North Korea Mocks Donald Trump For Pulling Out Of Paris Climate Agreement

North Korea this week called Donald Trump "selfish" for pulling out of the Paris climate accord, calling the U.S. president's decision to withdraw "the height of egoism."

A spokesman for North Korea's Ministry of Foreign Affairs issued a statement Tuesday criticizing Trump's announcement to pull out of the Paris climate agreement, adding that global warming is "one of the gravest challenges humankind is facing today."

"This is the height of egoism and moral vacuum seeking only their own well-being even at the cost of the entire planet and, at the same time, a short-sighted and silly decision ignorant of the fact that the protection of the global environment is in their own interests," the statement read. "The selfish act of the U.S. does not only have grave consequences for the international efforts to protect the environment, but poses great danger to other areas as well."

As reported by Fox News, North Korea was one of the 200 countries that signed on to the agreement, with its leader, Kim Jong Un declaring war on deforestation in 2015.

Donald Trump's decision to withdraw from the Paris Climate Agreement drew heavy criticism not just within the U.S. but also from other countries. British billionaire Richard Branson on Thursday said Trump was "naive" for choosing to withdraw, pointing out his ignorance as to the efficiency of using clean energy as opposed to coal and oil and how it can create "massively more jobs." Even China committed to cutting down on green house emissions when it signed an agreement with the administration of former President Barack Obama.

In defending his decision, Trump argued that the Paris agreement will be beneficial to emerging economies such as China's and India's at the expense of U.S. workers.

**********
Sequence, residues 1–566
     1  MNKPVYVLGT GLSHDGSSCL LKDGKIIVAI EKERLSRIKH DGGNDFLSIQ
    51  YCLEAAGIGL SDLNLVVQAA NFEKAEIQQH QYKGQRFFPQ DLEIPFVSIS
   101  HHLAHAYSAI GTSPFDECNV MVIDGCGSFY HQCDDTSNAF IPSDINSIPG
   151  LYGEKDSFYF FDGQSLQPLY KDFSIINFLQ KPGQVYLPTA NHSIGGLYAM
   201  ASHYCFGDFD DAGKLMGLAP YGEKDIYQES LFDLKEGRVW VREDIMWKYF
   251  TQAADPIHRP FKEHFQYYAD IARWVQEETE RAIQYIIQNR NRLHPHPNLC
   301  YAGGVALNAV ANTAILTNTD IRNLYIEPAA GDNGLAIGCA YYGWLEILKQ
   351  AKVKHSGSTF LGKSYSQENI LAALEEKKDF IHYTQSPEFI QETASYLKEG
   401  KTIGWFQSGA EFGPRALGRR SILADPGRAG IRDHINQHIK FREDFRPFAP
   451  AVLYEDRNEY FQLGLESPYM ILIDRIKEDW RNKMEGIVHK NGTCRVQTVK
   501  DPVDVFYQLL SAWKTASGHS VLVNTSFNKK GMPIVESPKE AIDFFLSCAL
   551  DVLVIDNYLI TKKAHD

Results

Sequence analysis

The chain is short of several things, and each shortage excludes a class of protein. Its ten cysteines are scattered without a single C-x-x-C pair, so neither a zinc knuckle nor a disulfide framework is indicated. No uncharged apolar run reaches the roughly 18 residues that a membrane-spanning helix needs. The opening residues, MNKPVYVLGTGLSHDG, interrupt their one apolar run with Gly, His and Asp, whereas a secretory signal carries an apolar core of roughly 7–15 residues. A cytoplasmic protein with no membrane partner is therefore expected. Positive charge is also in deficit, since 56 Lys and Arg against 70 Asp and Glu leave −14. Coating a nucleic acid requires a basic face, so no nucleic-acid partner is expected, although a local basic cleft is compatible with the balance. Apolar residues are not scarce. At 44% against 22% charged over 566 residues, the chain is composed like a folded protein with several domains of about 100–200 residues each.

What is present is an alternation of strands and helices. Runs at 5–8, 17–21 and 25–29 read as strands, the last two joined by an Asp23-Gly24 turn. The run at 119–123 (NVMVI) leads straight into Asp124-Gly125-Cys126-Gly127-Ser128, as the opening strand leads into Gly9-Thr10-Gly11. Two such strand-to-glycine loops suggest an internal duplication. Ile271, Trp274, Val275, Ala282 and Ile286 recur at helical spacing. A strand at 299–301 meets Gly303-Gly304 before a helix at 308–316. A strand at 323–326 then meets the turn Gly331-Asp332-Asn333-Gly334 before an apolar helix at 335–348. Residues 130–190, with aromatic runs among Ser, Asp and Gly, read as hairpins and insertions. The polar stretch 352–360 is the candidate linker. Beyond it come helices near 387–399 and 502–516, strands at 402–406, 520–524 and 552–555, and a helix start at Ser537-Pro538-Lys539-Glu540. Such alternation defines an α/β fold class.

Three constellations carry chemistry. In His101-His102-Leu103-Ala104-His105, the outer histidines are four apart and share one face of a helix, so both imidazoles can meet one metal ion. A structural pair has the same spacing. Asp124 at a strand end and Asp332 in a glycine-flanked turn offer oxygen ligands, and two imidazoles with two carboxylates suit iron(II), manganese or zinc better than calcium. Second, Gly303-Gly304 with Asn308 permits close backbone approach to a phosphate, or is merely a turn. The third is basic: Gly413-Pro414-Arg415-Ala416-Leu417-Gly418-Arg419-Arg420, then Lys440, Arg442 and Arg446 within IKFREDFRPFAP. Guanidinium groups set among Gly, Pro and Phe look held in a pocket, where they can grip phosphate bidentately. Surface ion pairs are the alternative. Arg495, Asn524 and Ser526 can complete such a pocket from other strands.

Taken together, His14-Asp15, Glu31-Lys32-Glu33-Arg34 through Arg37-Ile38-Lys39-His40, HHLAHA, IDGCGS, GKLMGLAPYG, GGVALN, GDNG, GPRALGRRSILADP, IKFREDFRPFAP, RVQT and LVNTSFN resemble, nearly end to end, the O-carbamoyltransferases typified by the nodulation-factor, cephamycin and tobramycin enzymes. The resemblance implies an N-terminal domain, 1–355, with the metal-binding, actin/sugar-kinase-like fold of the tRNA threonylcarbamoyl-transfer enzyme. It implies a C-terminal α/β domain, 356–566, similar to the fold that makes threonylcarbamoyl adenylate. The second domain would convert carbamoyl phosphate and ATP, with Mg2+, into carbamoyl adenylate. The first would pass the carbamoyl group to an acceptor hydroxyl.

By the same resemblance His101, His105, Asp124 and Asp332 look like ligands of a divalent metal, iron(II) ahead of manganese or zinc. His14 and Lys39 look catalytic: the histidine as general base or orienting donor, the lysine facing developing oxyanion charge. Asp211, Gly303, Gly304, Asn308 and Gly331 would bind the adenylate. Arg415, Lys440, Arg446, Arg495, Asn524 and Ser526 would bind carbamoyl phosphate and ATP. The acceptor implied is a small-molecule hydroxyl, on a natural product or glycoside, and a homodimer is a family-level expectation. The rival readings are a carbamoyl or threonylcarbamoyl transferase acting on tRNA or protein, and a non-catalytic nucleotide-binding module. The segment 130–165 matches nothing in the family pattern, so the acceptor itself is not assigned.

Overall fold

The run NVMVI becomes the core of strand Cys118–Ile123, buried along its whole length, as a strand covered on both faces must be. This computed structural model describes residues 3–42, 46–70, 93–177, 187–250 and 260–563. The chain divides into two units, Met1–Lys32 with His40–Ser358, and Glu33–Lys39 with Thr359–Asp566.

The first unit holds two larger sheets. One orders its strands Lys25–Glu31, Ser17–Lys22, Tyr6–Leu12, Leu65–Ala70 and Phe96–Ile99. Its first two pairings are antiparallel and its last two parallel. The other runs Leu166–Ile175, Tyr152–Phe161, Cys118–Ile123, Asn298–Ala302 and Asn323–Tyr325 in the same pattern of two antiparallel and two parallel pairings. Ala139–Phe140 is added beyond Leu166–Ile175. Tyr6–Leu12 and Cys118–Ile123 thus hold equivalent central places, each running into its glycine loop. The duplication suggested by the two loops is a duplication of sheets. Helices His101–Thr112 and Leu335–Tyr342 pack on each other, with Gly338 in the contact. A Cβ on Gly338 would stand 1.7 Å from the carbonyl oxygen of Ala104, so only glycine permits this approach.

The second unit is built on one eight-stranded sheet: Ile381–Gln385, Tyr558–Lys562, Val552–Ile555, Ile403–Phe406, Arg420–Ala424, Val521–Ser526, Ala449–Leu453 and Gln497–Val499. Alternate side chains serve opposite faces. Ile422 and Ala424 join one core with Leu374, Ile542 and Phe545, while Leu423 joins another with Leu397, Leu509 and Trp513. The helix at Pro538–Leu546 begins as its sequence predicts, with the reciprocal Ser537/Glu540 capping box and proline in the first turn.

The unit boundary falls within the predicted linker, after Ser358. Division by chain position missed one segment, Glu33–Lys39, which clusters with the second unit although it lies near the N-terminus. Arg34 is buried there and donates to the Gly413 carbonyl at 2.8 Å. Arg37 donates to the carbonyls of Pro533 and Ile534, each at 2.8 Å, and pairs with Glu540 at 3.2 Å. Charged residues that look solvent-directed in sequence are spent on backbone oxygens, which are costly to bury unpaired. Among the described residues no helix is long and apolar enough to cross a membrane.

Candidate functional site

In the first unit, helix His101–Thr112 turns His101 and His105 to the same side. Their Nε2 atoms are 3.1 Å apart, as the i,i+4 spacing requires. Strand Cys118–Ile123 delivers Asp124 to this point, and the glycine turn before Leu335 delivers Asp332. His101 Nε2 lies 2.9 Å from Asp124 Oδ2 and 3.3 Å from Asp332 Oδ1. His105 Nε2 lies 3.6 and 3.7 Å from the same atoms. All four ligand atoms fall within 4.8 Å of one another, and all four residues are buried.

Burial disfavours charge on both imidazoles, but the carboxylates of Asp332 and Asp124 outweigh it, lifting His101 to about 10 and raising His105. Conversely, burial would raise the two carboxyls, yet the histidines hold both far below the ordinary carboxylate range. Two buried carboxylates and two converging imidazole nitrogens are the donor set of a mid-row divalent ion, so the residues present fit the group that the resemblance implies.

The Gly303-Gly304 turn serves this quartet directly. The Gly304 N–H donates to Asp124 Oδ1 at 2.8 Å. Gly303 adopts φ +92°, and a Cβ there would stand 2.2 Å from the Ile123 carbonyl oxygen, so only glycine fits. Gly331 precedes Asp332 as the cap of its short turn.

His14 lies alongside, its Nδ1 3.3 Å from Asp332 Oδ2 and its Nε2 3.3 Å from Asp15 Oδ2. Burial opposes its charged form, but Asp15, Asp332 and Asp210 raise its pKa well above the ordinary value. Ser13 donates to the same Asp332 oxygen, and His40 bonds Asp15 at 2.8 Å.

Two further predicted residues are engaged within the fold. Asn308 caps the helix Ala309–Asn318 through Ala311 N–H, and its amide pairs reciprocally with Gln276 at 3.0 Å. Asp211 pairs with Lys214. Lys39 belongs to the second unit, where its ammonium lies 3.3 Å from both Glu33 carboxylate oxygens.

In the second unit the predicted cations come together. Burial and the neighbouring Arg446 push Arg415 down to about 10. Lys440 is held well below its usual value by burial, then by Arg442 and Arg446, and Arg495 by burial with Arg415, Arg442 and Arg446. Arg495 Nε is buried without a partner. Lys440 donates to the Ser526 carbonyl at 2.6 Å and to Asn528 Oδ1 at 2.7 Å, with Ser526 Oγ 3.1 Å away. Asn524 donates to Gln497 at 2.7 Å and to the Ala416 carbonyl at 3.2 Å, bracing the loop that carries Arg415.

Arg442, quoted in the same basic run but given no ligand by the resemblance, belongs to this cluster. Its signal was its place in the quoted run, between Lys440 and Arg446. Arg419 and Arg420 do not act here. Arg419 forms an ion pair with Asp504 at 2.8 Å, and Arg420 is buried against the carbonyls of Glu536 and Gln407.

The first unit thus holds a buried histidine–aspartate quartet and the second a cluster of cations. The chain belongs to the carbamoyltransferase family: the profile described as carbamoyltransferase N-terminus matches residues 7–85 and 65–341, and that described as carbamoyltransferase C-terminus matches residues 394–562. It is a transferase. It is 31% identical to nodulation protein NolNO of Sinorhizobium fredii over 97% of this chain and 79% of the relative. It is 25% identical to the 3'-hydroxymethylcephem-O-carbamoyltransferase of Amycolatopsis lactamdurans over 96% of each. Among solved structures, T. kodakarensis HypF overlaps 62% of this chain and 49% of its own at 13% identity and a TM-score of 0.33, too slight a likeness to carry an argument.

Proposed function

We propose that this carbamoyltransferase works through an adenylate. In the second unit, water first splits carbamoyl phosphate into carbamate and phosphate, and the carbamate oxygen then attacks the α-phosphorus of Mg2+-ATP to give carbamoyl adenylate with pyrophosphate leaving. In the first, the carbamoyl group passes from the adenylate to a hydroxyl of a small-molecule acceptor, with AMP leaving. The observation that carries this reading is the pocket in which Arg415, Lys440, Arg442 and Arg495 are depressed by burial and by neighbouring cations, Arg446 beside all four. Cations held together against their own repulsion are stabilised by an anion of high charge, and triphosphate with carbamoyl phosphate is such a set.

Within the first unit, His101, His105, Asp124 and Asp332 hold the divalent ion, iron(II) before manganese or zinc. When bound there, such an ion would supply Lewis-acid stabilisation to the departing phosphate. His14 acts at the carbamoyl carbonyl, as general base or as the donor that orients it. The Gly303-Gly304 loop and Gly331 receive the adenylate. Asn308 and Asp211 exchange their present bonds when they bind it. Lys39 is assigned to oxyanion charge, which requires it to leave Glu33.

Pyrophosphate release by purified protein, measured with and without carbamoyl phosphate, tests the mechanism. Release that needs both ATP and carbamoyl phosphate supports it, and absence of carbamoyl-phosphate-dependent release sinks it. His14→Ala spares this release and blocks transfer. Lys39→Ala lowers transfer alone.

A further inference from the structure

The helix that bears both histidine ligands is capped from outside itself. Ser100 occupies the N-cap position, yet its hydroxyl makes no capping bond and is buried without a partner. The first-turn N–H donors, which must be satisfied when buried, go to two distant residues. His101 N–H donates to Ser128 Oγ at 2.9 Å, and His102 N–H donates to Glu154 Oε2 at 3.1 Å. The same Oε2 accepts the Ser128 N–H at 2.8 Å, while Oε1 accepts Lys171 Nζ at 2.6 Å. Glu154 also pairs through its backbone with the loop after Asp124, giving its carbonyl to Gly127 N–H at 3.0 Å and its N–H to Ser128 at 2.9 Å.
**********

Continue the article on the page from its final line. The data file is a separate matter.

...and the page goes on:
U.S. Environmental Protection Agency Administrator Scott Pruitt defended Trump's decision by pointing out that the U.S. reduced carbon emissions over the past years. He said that the U.S. government will continue to "maintain engagement" with other countries despite the Paris accord pull-out.

"We have a strong, strong approach to reducing emissions. We have nothing to be apologetic about," Pruitt said. "America is not going to be disengaged, we are going to maintain engagement."

The Paris agreement was signed in 2015, becoming one of President Obama's most notable achievements. Coming together in the French capital, nearly 200 countries pledged that they will be cutting greenhouse gas emissions. As previously reported by the Washington Post, only two countries didn't sign the agreement: Syria, which was in the middle of a cataclysmic civil war, and Nicaragua, who decided not to sign because they think the agreement didn't do enough.

Despite its isolationalist policies, North Korea surprisingly signed the Paris agreement, vowing to reduce its greenhouse gas emissions by "37.4 percent compared with the levels of the 1990s."

Experts have noted that North Korea is one of the countries that are most vulnerable to the effects of climate change, specifically because food shortages could be worsened by droughts or flooding. According to a report released Wednesday by NK News, experts David Von Hippel and Peter Hayes wrote that NoKor's estimates as to greenhouse gas reductions are mostly accurate and that the Paris deal presents a great opportunity for the country to engage with the international community.

Since winning the U.S. presidency, Trump has been heavily criticized by numerous media outlets from North Korea, including KCNA, which at one time called the U.S. President "a mere beginner insofar as its ignorance of its rival (North Korea) was concerned."

In a statement, North Korea warned other countries about a "dangerous ideological trend" that's been set off since Trump was elected into office.

"Whoever chooses to blindly follow the Trump administration overpowered by its bravado should be fully aware that the judgment of history shall take them all as one," the statement said.

[Featured Image by Chung Sung-Jun/Getty Images]